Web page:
Equivalence of prime power decompositions

In summary, the conversation discusses proving that the number of factors and the powers of the prime in the subgroups of a finitely generated abelian group are equal. The hint is to use induction and show that the generators of the subgroups must generate copies of themselves under the isomorphism, but further clarification is needed on how to use the minimality of the powers.
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ehrenfest
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Homework Statement


Let G be a finitely generated abelian group and let T_p be the subgroup of all elements having order some power of a prime p. Suppose



[tex] T_p \simeq \mathbb{Z}_{p^{r_1}} \times \mathbb{Z}_{p^{r_2}} \times \cdots \times \mathbb{Z}_{p^{r_m }} \simeq \mathbb{Z}_{p^{s_1}} \times \mathbb{Z}_{p^{s_2}} \times \cdots \times \mathbb{Z}_{p^{s_m }[/tex]

where [tex]1 \leq r_1 \leq \cdots \leq r_m[/tex] and similarly for the s_i.

Prove that n = m and s_i = r_i for all i. Hint: first prove r_1 = s_1 and then use induction.



Homework Equations





The Attempt at a Solution


I can prove that n = m.

Let phi be the isomorphism from the middle group to the right hand group in the line above. Under phi, the generator of [itex]\mathbb{Z}_{p^{r_1}}[/itex] needs to generate a copy of [itex]\mathbb{Z}_{p^{r_1}}[/itex] in the group on the RHS and similarly the generator of [itex]\mathbb{Z}_{p^{s_1}} [/itex] needs to generate a copy of that group under phi^{-1}, but that doesn't really prove that r_1 = s_1. How can you really use the fact that r_i and s_i are minimal? How can you say anything about the factorization just knowing that e.g the right hand group contains a copy of [itex]\mathbb{Z}_{p^{r_1}}[/itex]?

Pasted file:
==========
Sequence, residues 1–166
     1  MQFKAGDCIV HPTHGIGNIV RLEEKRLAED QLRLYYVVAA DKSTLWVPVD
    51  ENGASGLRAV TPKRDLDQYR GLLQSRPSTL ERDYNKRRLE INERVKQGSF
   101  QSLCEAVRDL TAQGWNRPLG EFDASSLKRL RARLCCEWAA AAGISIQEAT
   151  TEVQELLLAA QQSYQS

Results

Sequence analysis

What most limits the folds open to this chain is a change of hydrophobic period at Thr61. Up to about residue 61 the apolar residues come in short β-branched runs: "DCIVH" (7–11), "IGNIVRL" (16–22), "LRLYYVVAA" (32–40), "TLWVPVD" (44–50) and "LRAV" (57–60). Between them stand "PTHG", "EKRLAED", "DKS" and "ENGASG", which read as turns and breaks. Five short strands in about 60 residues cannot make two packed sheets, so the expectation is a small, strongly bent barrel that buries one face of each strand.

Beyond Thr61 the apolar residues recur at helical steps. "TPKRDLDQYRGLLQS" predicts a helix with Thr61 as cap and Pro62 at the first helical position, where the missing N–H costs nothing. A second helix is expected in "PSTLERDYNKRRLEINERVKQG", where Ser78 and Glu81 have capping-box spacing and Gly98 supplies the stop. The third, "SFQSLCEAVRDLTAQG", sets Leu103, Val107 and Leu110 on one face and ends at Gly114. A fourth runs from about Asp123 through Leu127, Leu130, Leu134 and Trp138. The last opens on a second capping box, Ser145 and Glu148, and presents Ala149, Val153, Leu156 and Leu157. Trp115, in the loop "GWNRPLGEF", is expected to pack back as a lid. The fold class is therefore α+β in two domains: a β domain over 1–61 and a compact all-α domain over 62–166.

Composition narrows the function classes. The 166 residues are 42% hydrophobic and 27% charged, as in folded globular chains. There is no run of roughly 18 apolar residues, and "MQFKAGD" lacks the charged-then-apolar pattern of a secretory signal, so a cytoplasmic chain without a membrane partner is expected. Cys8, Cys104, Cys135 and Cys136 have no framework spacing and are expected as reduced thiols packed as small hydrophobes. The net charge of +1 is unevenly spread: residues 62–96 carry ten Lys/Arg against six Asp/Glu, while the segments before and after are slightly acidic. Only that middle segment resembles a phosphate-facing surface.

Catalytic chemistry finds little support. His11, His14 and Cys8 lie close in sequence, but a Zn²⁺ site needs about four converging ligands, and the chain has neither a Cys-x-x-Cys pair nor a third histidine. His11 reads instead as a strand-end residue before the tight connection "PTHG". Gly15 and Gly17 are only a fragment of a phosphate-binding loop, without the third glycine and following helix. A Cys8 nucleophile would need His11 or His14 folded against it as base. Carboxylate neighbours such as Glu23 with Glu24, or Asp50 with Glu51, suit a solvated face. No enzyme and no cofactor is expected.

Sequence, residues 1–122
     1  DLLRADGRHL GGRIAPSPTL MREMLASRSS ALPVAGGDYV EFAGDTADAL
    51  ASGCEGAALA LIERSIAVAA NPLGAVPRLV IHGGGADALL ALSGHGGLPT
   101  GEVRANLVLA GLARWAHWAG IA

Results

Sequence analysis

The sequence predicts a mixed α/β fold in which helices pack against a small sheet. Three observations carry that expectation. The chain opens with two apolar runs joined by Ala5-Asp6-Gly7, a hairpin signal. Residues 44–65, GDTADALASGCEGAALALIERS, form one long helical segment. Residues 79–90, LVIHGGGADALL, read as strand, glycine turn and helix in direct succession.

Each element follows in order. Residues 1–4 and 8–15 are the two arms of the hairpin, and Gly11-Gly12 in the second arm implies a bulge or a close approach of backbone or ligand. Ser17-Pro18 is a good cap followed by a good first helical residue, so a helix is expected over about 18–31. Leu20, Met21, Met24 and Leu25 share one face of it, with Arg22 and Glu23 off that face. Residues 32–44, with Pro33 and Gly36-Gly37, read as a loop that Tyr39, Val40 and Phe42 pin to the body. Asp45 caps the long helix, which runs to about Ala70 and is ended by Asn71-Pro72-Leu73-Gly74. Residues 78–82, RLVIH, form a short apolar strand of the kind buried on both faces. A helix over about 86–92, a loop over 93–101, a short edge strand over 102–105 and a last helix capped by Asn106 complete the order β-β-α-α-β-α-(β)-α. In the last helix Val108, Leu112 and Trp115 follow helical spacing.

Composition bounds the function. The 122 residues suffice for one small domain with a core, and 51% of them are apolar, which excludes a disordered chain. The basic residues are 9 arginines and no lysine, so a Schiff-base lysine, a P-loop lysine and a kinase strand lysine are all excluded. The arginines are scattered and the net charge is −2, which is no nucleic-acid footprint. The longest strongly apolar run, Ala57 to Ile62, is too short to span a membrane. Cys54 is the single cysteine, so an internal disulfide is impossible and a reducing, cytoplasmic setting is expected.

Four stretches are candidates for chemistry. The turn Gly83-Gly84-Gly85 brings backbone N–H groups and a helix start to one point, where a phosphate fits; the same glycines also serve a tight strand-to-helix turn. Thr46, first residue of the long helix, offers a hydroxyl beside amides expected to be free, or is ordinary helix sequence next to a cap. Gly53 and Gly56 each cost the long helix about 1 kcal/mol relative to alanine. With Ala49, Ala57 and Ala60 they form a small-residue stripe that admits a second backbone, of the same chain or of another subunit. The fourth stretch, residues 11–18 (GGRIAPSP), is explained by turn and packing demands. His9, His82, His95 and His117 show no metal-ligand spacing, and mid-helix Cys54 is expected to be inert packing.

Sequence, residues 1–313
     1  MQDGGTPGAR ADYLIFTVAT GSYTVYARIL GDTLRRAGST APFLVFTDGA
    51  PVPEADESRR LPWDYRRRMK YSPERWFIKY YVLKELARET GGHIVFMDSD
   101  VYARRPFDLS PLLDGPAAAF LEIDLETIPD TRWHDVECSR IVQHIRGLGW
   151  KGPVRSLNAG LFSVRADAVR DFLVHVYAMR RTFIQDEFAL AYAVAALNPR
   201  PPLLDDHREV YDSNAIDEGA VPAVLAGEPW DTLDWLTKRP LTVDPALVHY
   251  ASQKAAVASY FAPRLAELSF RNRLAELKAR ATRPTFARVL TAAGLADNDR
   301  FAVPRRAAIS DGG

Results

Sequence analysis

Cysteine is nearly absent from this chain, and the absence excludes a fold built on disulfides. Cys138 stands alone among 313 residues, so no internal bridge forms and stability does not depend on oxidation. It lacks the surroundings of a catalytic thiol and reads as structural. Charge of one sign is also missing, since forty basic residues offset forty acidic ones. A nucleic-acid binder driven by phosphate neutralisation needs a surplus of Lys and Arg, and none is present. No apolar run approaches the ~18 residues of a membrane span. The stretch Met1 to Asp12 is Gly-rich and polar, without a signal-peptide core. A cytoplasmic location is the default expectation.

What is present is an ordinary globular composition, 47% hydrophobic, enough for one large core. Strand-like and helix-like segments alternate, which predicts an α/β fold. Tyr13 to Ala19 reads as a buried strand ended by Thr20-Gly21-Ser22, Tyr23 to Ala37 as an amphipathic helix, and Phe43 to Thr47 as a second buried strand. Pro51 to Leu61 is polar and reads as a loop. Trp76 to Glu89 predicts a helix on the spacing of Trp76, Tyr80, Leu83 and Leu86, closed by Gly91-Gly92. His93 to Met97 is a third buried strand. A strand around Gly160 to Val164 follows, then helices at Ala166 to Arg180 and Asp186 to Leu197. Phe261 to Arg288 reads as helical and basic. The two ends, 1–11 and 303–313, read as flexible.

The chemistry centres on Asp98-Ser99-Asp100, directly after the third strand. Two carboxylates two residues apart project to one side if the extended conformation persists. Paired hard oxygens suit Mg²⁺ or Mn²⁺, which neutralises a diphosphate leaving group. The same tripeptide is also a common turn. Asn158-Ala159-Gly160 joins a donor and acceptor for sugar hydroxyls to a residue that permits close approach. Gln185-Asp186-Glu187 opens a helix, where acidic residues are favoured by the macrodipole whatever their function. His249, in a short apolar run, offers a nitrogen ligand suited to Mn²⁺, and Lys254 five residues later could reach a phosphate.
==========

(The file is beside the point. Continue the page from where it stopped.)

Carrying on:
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anyone?
 
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please?
 

1. What is the equivalence of prime power decompositions?

The equivalence of prime power decompositions is a concept in number theory that states that two positive integers are equivalent if they can be expressed as a product of the same set of prime numbers, raised to the same powers.

2. How is the equivalence of prime power decompositions useful in mathematics?

The equivalence of prime power decompositions is useful in mathematics for simplifying calculations and identifying patterns in numbers. It also plays a crucial role in the study of algebraic structures and prime factorization.

3. Can two different sets of prime numbers have the same prime power decomposition?

No, two different sets of prime numbers cannot have the same prime power decomposition. This is because the prime factorization of a number is unique, and each prime number can only be used once in the decomposition.

4. How does the equivalence of prime power decompositions relate to the Fundamental Theorem of Arithmetic?

The Fundamental Theorem of Arithmetic states that every positive integer can be expressed as a unique product of primes. This is closely related to the equivalence of prime power decompositions, as it also shows the uniqueness of prime factorization.

5. Can the equivalence of prime power decompositions be extended to other mathematical structures?

Yes, the concept of equivalence of prime power decompositions can be extended to other mathematical structures, such as polynomials and matrices. In these cases, the prime numbers are replaced by irreducible elements or irreducible matrices, respectively.

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